Regulatory DNA encodes the gene regulatory networks that are required for virtually every process in an animal, from development to immunity. The Wunderlich lab is interested in understanding how a gene regulatory network's tasks influence its architecture, robustness, and evolvability. To probe these questions, we use two model systems: the Drosophila early embryonic patterning system and the Drosophila innate immune response. In both systems, we pair imaging-based and genomic measurements of gene expression with statistical and physically-based computational models to explore questions of gene regulatory network function. We exploit naturally-occuring sequence variation between individuals and species as a tool to measure how changes in regulatory DNA affect transcriptional regulation.
The Wunderlich lab is looking for enthusiastic students and post docs to join the lab.
We are accepting applications for a postdoc position in the lab and welcome candidates who are interested in understanding the function of regulatory DNA using a combination of experimental and computational approaches. Applicants can send a CV and cover letter describing your previous research experience and future research interests, including why you are interested in the lab, to Zeba.
Undergraduates interested in studies of gene regulation should contact Zeba to discuss possible projects.
PhD, Harvard University, Biophysics
BA, Molecular Biology & Biochemistry, Statistics, Rutgers University
BS, Bioengineering, Caltech
BS, Genetics, UC Davis
BS, Neuroscience, College of William & Mary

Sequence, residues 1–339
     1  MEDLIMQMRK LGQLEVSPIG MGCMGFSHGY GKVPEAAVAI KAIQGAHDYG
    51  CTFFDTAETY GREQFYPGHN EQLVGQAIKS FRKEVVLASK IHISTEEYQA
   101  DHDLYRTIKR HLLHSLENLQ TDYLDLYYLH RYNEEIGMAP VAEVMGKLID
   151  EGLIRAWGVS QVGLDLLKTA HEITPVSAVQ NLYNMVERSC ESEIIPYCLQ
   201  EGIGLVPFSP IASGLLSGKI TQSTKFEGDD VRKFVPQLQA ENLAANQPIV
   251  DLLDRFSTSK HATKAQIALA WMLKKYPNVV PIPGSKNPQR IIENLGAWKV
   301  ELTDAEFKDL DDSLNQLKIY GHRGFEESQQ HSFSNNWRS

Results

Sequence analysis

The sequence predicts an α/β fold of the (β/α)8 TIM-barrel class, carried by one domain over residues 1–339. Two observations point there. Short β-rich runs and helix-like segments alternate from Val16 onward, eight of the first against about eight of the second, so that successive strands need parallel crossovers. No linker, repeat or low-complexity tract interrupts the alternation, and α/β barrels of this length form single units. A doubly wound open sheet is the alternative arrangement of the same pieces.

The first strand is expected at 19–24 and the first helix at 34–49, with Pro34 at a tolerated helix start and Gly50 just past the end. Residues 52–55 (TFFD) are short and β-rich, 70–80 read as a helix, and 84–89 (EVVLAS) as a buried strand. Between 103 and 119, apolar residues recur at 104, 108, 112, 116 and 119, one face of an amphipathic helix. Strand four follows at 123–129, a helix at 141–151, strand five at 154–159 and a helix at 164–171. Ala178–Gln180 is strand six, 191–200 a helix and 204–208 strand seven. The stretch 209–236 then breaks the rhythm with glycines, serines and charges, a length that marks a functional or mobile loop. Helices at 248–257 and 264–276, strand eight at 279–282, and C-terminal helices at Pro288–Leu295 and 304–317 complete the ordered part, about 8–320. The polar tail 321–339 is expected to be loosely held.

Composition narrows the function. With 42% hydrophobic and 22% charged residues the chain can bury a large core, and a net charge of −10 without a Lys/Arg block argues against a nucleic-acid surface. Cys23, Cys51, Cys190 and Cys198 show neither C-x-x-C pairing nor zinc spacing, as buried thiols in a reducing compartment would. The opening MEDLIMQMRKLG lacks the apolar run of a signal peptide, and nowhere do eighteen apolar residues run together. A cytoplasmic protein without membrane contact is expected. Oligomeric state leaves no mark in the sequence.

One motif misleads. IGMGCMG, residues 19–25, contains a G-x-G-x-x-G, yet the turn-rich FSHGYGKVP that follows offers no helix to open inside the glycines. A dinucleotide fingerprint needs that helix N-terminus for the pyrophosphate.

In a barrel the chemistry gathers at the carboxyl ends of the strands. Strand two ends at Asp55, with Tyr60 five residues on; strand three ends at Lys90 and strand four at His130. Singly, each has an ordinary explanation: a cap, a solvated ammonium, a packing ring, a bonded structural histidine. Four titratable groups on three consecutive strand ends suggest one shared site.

Public Health Sciences
BS, Biology, BA Chemistry, Florida International University
Research Assistant, 2017-2018, now at Western University of Health Sciences
Undergraduate Student, Biomedical Engineering, 2016-2017, now in UCI MD/PhD program
Undergraduate Student, Genetics and Anthropology, 2015-2016, now at Natera
Masters Student, Biotechnology Management, 2016-2017, now at Pacific Biosciences
Masters Student, Developmental and Cell Biology, 2015-2017
Samee MAH, Lydiard-Martin T, Biette KM, Vincent BJ, Bragdon MD, Eckenrode KB, Wunderlich Z, Estrada J, Sinha S, DePace AH.
Cell Reports. (2017).
MV Staller, D Yan, S Randklev, MD Bragdon, Z Wunderlich, R Tao, LA Perkins, AH DePace, N Perrimon. Genetics. (2013).
Z Wunderlich, MD Bragdon, K Eckenrode, T Martin, S Pearl, and AH DePace. Molecular Systems Biology. (2012).
CC Fowlkes*, K Eckenrode*, MD Bragdon*, M Meyer, Z Wunderlich, L Simirenko, CL Luengo Hendriks, SVE Keränen, C Henriquez, DW Knowles, MD Biggin, MB Eisen, AH DePace. PLoS Genetics. (2011).
Z Wunderlich, LA Mirny. Different gene regulation strategies revealed by analysis of binding motifs. Trends in Genetics. (2009).
Z Wunderlich, LA Mirny. Using genome-wide measurements for computational prediction of SH2-peptide interactions. Nucleic Acids Research. (2009).
Z Wunderlich, LA Mirny. Spatial effects on the speed and reliability of protein-DNA search. Nucleic Acids Research. (2008).
W Tian, LV Zhang, M Tasan, FD Gibbons, OD King, J Park, Z Wunderlich, JM Cherry, FP Roth. Combining guilt-by-association and guilt-by-profiling to predict Saccharomyces cerevisiae gene function. Genome Biology. (2008).
G Kolesov*, Z Wunderlich*, ON Laikova, MS Gelfand, LA Mirny. How gene order is influenced by the biophysics of transcription regulation. PNAS. (2007).
A Bhattacharya, Z Wunderlich, D Monleon, R Tejero, GT Montelione. Assessing model accuracy using the Homology Modeling Automatically (HOMA) Software. Proteins: Structure, Function, Bioinformatics. (2007).
Z Wunderlich and LA Mirny. Using topology of the metabolic network to predict viability of mutant strains. Biophysical Journal. (2006).
Z Wunderlich, TB Acton, J Liu, G Kornhaber, J Everett, P Carter, N Lan, N Echols, M Gerstein, B Rost, and GT Montelione. The protein target list of the Northeast Structural Genomics Consortium. Proteins: Structure, Function, Bioinformatics. (2004).
C-S Goh, N Lan, N Echols, S Douglas, D Milburn, P Bertone, R Xiao, L-C Ma, D Zheng, Z Wunderlich, TB Acton, GT Montelione, and Mark Gerstein. SPINE 2: A system for collaborative structural proteomics within a federated database framework. Nucleic Acids Research. (2003).